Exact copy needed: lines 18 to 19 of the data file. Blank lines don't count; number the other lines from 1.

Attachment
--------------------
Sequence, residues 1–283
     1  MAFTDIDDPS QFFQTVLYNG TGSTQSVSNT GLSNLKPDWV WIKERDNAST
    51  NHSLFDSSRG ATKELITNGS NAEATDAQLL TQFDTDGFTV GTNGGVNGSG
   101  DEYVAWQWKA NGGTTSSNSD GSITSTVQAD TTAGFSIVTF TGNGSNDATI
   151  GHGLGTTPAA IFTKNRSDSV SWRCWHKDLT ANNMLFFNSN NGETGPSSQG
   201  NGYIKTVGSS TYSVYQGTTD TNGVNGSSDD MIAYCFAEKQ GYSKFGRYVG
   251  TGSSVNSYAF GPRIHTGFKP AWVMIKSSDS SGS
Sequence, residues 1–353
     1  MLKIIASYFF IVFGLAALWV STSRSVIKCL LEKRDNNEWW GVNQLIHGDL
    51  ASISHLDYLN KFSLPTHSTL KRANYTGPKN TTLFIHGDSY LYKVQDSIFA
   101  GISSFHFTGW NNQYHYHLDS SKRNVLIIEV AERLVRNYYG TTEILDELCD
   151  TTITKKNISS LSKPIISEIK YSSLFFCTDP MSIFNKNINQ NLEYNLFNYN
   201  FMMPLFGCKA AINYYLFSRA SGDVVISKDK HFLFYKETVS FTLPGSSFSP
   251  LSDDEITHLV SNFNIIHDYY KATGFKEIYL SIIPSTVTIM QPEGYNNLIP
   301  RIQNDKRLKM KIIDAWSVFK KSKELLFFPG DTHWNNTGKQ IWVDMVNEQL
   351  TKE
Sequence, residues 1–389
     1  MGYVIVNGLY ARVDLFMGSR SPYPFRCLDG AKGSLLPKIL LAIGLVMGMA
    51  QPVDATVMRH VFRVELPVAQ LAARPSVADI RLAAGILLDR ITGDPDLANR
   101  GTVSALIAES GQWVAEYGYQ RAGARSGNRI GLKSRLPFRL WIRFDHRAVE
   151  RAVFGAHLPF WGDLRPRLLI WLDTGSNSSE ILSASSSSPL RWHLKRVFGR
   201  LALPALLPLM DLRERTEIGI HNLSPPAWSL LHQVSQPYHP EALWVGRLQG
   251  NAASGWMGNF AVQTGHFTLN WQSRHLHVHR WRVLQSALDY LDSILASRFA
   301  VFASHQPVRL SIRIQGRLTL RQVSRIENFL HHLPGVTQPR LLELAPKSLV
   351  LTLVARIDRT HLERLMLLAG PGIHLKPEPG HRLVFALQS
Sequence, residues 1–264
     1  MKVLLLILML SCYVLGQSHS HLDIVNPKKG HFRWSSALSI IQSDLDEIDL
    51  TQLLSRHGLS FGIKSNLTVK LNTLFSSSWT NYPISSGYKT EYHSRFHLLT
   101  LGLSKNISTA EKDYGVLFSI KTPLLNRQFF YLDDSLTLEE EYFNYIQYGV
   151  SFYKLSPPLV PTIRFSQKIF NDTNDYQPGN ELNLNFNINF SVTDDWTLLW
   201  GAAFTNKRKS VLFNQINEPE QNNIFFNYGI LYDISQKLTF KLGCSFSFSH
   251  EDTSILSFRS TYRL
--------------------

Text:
     1  MGYVIVNGLY ARVDLFMGSR SPYPFRCLDG AKGSLLPKIL LAIGLVMGMA
    51  QPVDATVMRH VFRVELPVAQ LAARPSVADI RLAAGILLDR ITGDPDLANR